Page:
The snow is coming later in Kipnuk. The river doesn’t stay frozen all winter. And the riverbank is quickly eroding. Those are just a few of the changes 18-year-old Nelson Kanuk says he sees in his western Alaska hometown.
“My house back in Kipnuk, we live right in front of the river bank,” he said.
Nelson Kanuk stands on the river bank near his home, in this screen shot from a short documentary about his life in Kipnuk. Click the photo to view the eight-minute film. (Photo from YouTube)
The permafrost that used to hold the bank in place is melting. He’s watched the Kugkaktlik River move closer and closer to the bright green house he shares with his parents and five siblings. He and his father, William, have taken measurements.
“In the springtime we lost about eight feet, and not too far after that in the summertime, we lost about five feet,” Kanuk said. “Now, I’m not sure how much closer it has been because I’ve been here at school in Sitka.”
Nelson sits at a table inside Tom Hart’s trigonometry classroom at Mt. Edgecumbe High School. He’s like a lot of the other students at the state-run boarding school – away from home, pushing through rigorous coursework, and today, trying with his peers to understand the law of cosines.
You wouldn’t know he’s waiting for his case to be heard by the Alaska Supreme Court.
“All we’re asking is for the government to take action to protect our future by creating a recovery climate plan, to hopefully reduce the carbon emissions in our future,” Kanuk said.
Kanuk is one of six Alaska youth being represented in court by the organization Our Children’s Trust. The Oregon-based nonprofit filed lawsuits on behalf of young plaintiffs in nine states. A separate suit is pending against the federal government, and there are a few international cases, too. The lawsuits ask their respective governments to consider the atmosphere a public trust, and to exercise their duty to protect it.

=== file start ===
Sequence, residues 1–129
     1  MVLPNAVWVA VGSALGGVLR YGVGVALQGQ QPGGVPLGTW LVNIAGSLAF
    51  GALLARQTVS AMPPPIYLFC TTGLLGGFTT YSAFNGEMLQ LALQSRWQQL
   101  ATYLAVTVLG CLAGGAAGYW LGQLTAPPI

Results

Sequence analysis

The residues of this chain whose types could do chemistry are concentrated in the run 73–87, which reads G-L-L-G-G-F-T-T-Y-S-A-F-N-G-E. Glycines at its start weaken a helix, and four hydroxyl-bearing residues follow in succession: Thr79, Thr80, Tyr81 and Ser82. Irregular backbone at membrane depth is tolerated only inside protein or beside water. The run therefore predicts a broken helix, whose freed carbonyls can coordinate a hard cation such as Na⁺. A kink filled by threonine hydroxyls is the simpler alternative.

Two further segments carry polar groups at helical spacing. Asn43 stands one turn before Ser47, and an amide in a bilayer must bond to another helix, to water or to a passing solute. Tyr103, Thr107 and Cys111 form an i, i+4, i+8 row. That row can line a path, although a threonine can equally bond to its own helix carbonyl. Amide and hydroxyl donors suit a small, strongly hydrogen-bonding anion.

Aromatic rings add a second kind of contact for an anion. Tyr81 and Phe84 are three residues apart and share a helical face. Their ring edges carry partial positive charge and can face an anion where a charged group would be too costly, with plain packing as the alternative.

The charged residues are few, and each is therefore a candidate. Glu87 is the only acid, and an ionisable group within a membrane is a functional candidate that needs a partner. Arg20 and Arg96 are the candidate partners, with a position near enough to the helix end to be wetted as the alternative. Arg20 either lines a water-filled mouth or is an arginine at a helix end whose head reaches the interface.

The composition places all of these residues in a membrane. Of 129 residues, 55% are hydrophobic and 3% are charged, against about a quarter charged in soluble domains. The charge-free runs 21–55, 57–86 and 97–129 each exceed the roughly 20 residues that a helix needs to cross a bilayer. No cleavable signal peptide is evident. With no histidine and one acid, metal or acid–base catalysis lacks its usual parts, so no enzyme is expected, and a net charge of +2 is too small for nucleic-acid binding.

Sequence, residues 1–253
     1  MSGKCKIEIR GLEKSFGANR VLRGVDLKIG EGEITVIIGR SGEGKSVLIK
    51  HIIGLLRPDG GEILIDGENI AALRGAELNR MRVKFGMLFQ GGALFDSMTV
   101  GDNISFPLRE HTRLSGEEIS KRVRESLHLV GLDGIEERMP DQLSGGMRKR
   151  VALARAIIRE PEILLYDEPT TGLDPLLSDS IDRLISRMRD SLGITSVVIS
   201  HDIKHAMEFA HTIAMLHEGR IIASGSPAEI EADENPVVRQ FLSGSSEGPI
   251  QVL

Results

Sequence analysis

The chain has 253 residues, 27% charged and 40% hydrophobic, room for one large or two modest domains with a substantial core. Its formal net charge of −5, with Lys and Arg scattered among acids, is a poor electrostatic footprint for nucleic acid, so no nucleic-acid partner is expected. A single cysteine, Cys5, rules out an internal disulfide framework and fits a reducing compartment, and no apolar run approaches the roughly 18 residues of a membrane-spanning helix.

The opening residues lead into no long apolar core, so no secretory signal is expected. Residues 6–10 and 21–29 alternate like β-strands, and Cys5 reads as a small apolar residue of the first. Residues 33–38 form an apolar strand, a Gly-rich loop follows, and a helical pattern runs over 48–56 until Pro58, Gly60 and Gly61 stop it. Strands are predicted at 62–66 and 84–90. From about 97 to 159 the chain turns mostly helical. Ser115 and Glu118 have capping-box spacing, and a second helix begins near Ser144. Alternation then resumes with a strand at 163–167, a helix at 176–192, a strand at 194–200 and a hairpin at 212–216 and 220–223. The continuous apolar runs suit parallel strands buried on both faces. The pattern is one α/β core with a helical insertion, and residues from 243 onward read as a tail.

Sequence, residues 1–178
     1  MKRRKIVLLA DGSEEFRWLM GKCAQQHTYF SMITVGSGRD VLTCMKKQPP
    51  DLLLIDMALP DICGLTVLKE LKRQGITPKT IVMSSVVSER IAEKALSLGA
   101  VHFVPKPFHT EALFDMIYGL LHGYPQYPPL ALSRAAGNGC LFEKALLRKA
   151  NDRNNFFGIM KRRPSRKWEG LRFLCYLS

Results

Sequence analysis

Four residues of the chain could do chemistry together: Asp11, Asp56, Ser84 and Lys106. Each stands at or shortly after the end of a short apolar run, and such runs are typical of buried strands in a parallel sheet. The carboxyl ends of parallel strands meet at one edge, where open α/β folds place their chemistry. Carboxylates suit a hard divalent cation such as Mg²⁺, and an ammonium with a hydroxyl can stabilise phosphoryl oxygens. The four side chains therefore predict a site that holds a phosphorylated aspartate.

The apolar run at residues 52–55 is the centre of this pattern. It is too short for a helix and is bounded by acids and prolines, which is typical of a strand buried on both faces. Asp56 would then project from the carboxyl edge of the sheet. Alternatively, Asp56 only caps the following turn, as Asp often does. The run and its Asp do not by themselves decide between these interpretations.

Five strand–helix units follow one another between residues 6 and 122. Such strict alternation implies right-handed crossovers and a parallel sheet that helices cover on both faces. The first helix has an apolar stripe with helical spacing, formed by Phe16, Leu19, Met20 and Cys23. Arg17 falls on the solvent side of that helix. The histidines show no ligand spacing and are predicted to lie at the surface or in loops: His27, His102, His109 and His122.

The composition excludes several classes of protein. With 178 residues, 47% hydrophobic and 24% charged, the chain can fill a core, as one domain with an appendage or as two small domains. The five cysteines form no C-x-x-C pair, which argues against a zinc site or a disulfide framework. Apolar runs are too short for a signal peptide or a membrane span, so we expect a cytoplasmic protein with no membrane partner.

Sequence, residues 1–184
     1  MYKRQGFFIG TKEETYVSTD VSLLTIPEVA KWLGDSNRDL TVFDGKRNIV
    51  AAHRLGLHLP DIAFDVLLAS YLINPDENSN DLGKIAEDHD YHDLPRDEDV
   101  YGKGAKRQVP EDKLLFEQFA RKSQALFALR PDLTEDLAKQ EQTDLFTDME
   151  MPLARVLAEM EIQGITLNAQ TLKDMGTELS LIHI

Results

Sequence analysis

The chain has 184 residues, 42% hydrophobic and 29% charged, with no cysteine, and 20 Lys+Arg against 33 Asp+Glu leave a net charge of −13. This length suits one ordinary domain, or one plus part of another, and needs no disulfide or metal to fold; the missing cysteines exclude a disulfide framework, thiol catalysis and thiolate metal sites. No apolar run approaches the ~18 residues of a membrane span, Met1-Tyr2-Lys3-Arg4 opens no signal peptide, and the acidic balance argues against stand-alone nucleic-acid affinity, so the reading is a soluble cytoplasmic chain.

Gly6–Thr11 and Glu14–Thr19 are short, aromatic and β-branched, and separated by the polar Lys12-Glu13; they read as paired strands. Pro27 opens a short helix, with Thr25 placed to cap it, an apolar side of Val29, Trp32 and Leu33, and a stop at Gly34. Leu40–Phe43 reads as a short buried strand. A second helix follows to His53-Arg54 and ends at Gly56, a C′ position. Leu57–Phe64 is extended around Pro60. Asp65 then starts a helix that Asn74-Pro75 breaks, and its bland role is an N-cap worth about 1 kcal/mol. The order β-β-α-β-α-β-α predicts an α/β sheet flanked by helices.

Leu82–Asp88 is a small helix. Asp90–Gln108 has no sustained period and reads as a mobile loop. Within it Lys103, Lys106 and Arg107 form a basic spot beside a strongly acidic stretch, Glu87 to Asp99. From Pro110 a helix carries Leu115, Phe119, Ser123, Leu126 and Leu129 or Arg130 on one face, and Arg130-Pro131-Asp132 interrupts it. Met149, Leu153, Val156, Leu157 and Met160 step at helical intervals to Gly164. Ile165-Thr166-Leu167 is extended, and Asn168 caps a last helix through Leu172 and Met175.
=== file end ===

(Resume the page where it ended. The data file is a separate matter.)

Eagle River attorney Brad De Noble represents the Alaska plaintiffs, including Nelson Kanuk.
“Unfortunately, he is the perfect plaintiff,” DeNoble said. “Where Nelson lives in Kipnuk, the tundra and the ocean is, as he has described it, basically their supermarket. From a gathering of food, to a culture, to a way of life, climate change is significantly and severely impacting that.”
The original Alaska suit was filed in 2011, but dismissed earlier this year in Anchorage Superior Court. Judge Sen Tan essentially ruled climate policy is not an issue for the courts, but for the political process – the legislature and the executive branch.
In appeal papers filed with the Supreme Court in November, De Noble says his clients didn’t ask the court to set a specific policy, but rather to tell the state it has a responsibility to do something.
Our Children’s Trust wants Alaska to encourage a 6 percent annual reduction in carbon dioxide beginning next year.
The Our Children’s Trust lawsuit is against the Alaska Department of Natural Resources. But it was Department of Environmental Conservation Commissioner Larry Hartig who returned KCAW’s phone call. He said he couldn’t speak directly to the lawsuit, but that Alaska has taken steps to address climate change, and continues to do so.
It’s put up rock walls to help communities facing erosion issues. And the state has helped develop disaster plans for places like Kivalina, a northwest Alaska coastal community battered by autumn storms five years ago.
As for reducing emissions by 6 percent a year, as the Our Children’s Trust group recommends? Hartig said making a dent that big would probably mean massive changes to oil and gas production, as well as air and marine travel. And much of that – like the kinds of fuel airliners can use – is out of the state’s control.
Reducing greenhouse gas emissions into the future is important, Hartig said. But even if that happens, what’s already been done will continue to have consequences.
“If we all shut off our carbon emissions tomorrow, what’s in the atmosphere is in the atmosphere now,” he said. “If (the scientists) are right, that warming is going to continue, and that means we have to adapt.”
Back in Sitka, Nelson Kanuk hopes adaptation doesn’t mean his family will have to move.
“That is where my family grew up, and that is where my ancestors have lived,” Kanuk said. “We’re coming into a new world, where many cultures are constantly changing. But I believe it’s important to keep our feet in our homeland, and remember our roots and remember our traditional values.”
For now, those things are on solid ground. Whether they stay that way will depend on the river. And what happens in the future will depend on the Alaska Supreme Court.